Alkynes: An Introduction to Organic Synthesis

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1 Alkynes: An Introduction to Organic Synthesis Alkynes Hydrocarbons that contain carbon-carbon triple bonds Acetylene, the simplest alkyne is produced industrially from methane and steam at high temperature Our study of alkynes provides an introduction to organic synthesis, the preparation of organic molecules from simpler organic molecules

2 8.1 Electronic Structure of Alkynes Carbon-carbon triple bond result from sp orbital on each C forming a sigma bond and unhybridized p X and p y orbitals forming a π bond The remaining sp orbitals form bonds to other atoms at 180º to C-C triple bond. The bond is shorter and stronger than single or double Breaking a π bond in acetylene (HCCH) requires 318 kj/mole (in ethylene it is 268 kj/mole) 8.2 Naming Alkynes General hydrocarbon rules apply wuith -yne as a suffix indicating an alkyne Numbering of chain with triple bond is set so that the smallest number possible include the triple bond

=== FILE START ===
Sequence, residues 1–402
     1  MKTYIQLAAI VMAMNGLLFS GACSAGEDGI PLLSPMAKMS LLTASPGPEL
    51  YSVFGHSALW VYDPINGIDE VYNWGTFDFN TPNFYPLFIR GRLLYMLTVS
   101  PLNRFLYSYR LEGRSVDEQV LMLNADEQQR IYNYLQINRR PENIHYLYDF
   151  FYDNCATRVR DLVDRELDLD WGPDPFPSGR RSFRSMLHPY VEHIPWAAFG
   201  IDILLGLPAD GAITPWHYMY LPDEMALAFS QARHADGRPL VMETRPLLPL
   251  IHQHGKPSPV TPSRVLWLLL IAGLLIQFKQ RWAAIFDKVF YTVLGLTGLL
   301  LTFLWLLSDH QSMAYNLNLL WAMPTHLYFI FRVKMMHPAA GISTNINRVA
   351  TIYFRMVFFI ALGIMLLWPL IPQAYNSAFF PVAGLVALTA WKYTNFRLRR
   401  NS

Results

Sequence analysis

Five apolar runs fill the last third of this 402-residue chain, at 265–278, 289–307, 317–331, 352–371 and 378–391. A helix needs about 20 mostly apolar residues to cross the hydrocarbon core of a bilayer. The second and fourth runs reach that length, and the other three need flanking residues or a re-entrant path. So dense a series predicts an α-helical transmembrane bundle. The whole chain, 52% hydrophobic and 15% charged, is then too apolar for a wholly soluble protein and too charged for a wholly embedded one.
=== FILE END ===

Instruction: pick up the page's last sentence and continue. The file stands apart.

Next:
3 Diyines, Enynes, and Triynes A compound with two triple bonds is a diyine An enyne has a double bond and triple bond A triyne has three triple bonds Number from chain that ends nearest a double of triple bond double bonds is preferred if both are present in the same relative position Alkynes as substituents are called alkynyl H 3 C CH 2 C C 1-butynyl 8.3 Preparation of Alkynes: Elimination Reactions of Dihalides Treatment of a 1,2 dihaloalkane with KOH or NaOH produces a two-fold elimination of HX Vicinal dihalides are available from addition of bromine or chlorine to an alkene Intermediate is a vinyl halide

4 8.4 Reactions of Alkynes: Addition of HX and X 2 Addition reactions of alkynes are similar to those of alkenes Intermediate alkene reacts further with excess reagent Regiospecificity according to Markovnikov Addition of Bromine and Chlorine Initial addition gives trans intermediate Product with excess reagent is tetrahalide